Saturday, December 25, 2010

61 and dwindling

A combination of NASA-generated high resolution camera work and back-of-the-envelope calculations by Dr. Nalini Nadkarni (Evergreen State College) yields the figure that, on the Earth, trees out number humans (61 trees for every human, to be exact).

She asks a very pertinent question: how many trees have you used up in your lifetime? Have you not met, met, or exceeded your share?
How Many Trees Per Person?

It's a cool question, and easy to calculate. Nadkarni looked up the world's human population as of Dec. 31 and found that on that day, we numbered 6,456,789,877 (again, very more or less). Punching the figures into her calculator, she figured that the world supports 61 trees per person. When we talked — and you can hear our conversation in our "Morning Edition" story — she was thrilled. "Hooray!" she said, "I get more than one tree!"


This got Nadkarni wondering: How much of our 61-tree allotment does an American use in a lifetime? All of it? Some of it? More than 61? She didn't know. So she asked her graduate students to make a list of tree-based products — and they came up with a list so long, it almost never stops.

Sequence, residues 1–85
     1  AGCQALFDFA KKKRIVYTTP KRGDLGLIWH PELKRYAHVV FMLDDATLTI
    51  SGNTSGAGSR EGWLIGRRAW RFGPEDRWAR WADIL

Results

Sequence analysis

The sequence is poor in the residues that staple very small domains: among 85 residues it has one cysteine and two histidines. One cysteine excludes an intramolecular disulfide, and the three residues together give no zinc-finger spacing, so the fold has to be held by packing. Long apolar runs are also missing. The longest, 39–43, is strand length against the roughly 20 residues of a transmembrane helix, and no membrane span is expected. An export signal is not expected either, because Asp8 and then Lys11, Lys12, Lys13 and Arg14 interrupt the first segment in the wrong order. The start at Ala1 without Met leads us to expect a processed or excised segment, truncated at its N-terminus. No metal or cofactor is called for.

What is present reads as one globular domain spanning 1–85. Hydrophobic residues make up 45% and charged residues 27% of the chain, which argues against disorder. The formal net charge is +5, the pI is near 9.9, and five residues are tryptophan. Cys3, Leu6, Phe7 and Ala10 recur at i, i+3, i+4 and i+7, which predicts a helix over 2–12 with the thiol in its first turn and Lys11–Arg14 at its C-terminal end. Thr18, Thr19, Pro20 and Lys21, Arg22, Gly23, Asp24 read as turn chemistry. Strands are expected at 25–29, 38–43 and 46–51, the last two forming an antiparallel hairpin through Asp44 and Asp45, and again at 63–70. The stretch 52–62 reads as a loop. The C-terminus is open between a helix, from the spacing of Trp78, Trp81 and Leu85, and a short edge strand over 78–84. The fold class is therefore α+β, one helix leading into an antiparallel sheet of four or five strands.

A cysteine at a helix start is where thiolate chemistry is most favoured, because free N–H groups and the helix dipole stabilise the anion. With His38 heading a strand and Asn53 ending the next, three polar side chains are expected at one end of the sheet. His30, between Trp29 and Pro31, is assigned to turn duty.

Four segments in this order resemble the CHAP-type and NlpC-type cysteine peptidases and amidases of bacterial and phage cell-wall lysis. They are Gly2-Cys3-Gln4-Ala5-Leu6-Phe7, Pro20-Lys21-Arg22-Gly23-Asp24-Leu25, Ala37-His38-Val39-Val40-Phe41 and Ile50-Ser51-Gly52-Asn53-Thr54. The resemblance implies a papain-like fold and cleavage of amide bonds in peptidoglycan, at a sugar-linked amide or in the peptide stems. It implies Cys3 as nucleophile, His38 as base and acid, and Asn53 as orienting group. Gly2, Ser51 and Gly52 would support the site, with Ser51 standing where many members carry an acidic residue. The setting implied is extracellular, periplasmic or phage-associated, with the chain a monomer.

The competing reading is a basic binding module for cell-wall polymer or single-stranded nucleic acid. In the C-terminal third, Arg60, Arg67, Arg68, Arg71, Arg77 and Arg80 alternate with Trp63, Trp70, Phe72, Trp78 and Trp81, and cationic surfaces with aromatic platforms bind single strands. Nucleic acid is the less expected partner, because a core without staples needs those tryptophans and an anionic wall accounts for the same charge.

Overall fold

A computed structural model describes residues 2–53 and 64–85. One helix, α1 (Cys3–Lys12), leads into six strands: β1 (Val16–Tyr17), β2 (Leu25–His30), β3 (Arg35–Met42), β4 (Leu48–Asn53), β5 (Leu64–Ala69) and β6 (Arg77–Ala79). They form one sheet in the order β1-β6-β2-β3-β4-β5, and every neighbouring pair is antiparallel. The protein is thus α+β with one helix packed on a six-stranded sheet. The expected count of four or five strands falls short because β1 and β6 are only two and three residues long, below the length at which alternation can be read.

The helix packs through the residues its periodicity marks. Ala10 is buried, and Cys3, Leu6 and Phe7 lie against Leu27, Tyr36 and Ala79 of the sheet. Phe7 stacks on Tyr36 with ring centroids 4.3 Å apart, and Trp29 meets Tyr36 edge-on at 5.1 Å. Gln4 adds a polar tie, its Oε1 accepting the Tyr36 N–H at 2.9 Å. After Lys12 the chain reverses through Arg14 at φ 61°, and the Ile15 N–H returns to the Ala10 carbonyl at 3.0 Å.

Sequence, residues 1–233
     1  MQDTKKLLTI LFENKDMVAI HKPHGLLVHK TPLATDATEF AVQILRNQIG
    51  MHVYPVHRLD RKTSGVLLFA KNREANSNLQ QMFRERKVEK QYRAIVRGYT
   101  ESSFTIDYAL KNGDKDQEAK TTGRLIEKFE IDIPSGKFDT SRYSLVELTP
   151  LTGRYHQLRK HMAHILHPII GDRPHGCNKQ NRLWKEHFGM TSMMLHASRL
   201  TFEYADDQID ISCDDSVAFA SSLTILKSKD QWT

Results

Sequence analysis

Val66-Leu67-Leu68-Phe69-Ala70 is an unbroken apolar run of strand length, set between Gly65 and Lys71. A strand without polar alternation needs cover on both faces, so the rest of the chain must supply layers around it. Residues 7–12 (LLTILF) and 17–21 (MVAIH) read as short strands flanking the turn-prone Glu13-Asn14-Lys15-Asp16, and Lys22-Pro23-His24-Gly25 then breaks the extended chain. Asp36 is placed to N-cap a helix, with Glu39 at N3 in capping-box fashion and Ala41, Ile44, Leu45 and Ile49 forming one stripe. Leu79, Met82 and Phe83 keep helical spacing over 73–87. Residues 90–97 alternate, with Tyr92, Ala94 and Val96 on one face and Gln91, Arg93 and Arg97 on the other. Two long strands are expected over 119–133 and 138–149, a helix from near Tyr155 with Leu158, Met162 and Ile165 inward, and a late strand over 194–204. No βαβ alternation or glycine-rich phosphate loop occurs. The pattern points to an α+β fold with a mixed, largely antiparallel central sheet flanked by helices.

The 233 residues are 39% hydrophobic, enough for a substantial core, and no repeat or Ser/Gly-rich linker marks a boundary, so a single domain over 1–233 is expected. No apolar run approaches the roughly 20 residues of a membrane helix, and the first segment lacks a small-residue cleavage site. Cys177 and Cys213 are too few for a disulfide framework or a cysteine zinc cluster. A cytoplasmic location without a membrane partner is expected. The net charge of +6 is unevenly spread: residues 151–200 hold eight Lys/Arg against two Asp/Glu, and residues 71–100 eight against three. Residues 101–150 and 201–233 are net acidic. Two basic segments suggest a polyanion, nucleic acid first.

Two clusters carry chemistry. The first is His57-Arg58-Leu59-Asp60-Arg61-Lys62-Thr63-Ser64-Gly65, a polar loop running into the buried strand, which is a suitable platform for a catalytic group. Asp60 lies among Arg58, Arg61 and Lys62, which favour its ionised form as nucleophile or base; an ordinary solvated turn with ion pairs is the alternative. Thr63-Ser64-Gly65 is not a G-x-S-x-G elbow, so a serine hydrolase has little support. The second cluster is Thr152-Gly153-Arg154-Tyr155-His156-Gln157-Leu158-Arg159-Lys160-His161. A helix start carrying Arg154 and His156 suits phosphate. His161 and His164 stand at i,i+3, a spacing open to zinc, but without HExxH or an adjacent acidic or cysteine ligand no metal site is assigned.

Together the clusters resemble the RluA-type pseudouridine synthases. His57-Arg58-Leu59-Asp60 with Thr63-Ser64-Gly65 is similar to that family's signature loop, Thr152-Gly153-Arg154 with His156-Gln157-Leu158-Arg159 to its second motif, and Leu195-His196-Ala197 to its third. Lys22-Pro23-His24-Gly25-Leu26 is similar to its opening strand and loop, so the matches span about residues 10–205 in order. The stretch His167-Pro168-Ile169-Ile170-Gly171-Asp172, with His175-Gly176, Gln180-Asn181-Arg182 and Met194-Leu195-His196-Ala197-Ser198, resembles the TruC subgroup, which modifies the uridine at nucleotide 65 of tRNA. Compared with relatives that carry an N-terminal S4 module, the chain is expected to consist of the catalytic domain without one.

Here's some of what they found: baseball bats, barrels, books, blocks, benches, crutches, coffee filters, guitars, grocery bags, pencils, pine oil, beds, billboards, buttons, candy wrappers, buttons, chewing gum, cork, crayons, egg cartons, fruit pie filling, kites, linoleum, luggage, paper, pingpong balls, chopsticks (especially the disposable kind), rubber, tambourines, telephone books, tires, toilet paper, turpentine, xylophones and yo-yos (the wooden kind).
Check out some of the other wonderful things being done by Dr. Nadkarni.

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